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 Table of Contents  
LETTER TO EDITOR
Year : 2022  |  Volume : 17  |  Issue : 2  |  Page : 213

Hydroxychloroquine in COVID-19 widespread use despite unproven benefit


Department of Pulmonary, Critical Care and Sleep Medicine, VMMC and Safdarjung Hospital, New Delhi, India

Date of Submission07-Jan-2022
Date of Acceptance19-Jan-2022
Date of Web Publication28-Mar-2022

Correspondence Address:
Dr. Pranav Ish
Department of Pulmonary and Critical Care Medicine, Vardhman Mahavir Medical College and Safdarjung Hospital, Room No. 638, 6th Floor, Superspeciality Block, New Delhi - 110 029
India
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Source of Support: None, Conflict of Interest: None


DOI: 10.4103/injr.injr_7_22

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How to cite this article:
Ish P. Hydroxychloroquine in COVID-19 widespread use despite unproven benefit. Indian J Rheumatol 2022;17:213

How to cite this URL:
Ish P. Hydroxychloroquine in COVID-19 widespread use despite unproven benefit. Indian J Rheumatol [serial online] 2022 [cited 2022 Jul 4];17:213. Available from: https://www.indianjrheumatol.com/text.asp?2022/17/2/213/341051



Dear Editor,

I read with interest the article by Afra et al.[1] which attempted to understand the knowledge and practice of using hydroxychloroquine (HCQ) in COVID-19. The study found that those doctors who were dealing with COVID-19 patients directly had significantly lower total knowledge score and those who had personally taken HCQ as a prophylactic drug favored its use in COVID-19 including mass prophylaxis. This finding is clearly indicative of the fact that the recommendation of HCQ for prophylaxis[2] and subsequently for mild COVID-19 disease had negligible evidence and was majorly based on opinion. Despite doctors dealing with COVID-19 questioning the same,[3] this blanket recommendation led to so mass use of the drug for both prophylaxis and treatment. An interesting question which the respondents could have been asked is after developing COVID-19 despite taking prophylaxis, how many prescribed HCQ to their patients. Eventual meta-analysis of various international studies concluded that HCQ has no proven benefit or action against COVID-19.[4] The Food and Drug Administration cancelled the emergency use authorization for HCQ for treating hospitalized COVID-19 patients as early as June 2020.[5] However, no national or international guidelines were issued discouraging the use of HCQ in mild or nonhospitalized patients. Thus, it can be easily observed from the study that evidence-based medicine stands the test of time and developing guidelines without evidence can be disastrous and having huge implications.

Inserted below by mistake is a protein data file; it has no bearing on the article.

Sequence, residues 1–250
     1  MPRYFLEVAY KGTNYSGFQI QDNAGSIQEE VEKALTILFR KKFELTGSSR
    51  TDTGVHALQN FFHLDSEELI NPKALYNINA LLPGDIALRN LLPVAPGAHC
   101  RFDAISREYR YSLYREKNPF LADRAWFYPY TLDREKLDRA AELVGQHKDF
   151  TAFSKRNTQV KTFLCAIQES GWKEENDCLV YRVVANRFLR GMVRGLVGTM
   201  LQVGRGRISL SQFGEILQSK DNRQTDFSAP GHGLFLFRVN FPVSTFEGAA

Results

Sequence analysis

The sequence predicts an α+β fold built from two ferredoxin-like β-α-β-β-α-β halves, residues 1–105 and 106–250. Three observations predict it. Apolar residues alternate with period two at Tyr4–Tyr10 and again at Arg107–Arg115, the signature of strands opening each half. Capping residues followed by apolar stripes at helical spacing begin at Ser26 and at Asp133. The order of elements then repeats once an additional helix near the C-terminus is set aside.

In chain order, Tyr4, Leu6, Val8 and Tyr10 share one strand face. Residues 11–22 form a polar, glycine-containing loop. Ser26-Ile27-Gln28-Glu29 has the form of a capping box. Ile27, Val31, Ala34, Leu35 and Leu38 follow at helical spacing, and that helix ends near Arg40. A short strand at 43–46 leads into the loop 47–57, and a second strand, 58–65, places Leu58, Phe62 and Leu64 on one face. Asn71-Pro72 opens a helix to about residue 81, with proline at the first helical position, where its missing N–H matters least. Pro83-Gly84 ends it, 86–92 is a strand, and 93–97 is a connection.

Financial support and sponsorship

Nil.

Conflicts of interest

There are no conflicts of interest.



 
  References Top

1.
Afra TP, Uvais NA, Bishnoi A, Sukesh E, Eliyas S, Bishurul Hafi NA, et al. Knowledge on hydroxychloroquine prescription and attitude toward its use in COVID-19 – A survey-based study among doctors. Indian J Rheumatol ahead of print. [doi: 10.4103/injr.injr_184_20].  Back to cited text no. 1
    
2.
National Taskforce for COVID19. Advisory on the Use of HydroxyChloroquine as Prophylaxis for SARSCoV2 Infection; 2020. Available from: https: //www.mohfw.gov.in/pdf/Advisoryontheuseofhydroxychloroquineaspr ophylaxisforSARSCoV2 infection.pdf. [Last accessed on 2021 Dec 29].  Back to cited text no. 2
    
3.
Rathi S, Ish P, Kalantri A, Kalantri S. Hydroxychloroquine prophylaxis for COVID-19 contacts in India. Lancet Infect Dis 2020;20:1118-9.  Back to cited text no. 3
    
4.
Fatima U, Rizvi SS, Fatima S, Hassan MI. Impact of hydroxychloroquine/chloroquine in COVID-19 Therapy: Two sides of the coin. J Interferon Cytokine Res 2020;40:469-71.  Back to cited text no. 4
    
5.
Smit M, Marinosci A, Agoritsas T, Calmy A. Prophylaxis for COVID-19: A systematic review. Clin Microbiol Infect 2021;27:532-7.  Back to cited text no. 5
    




 

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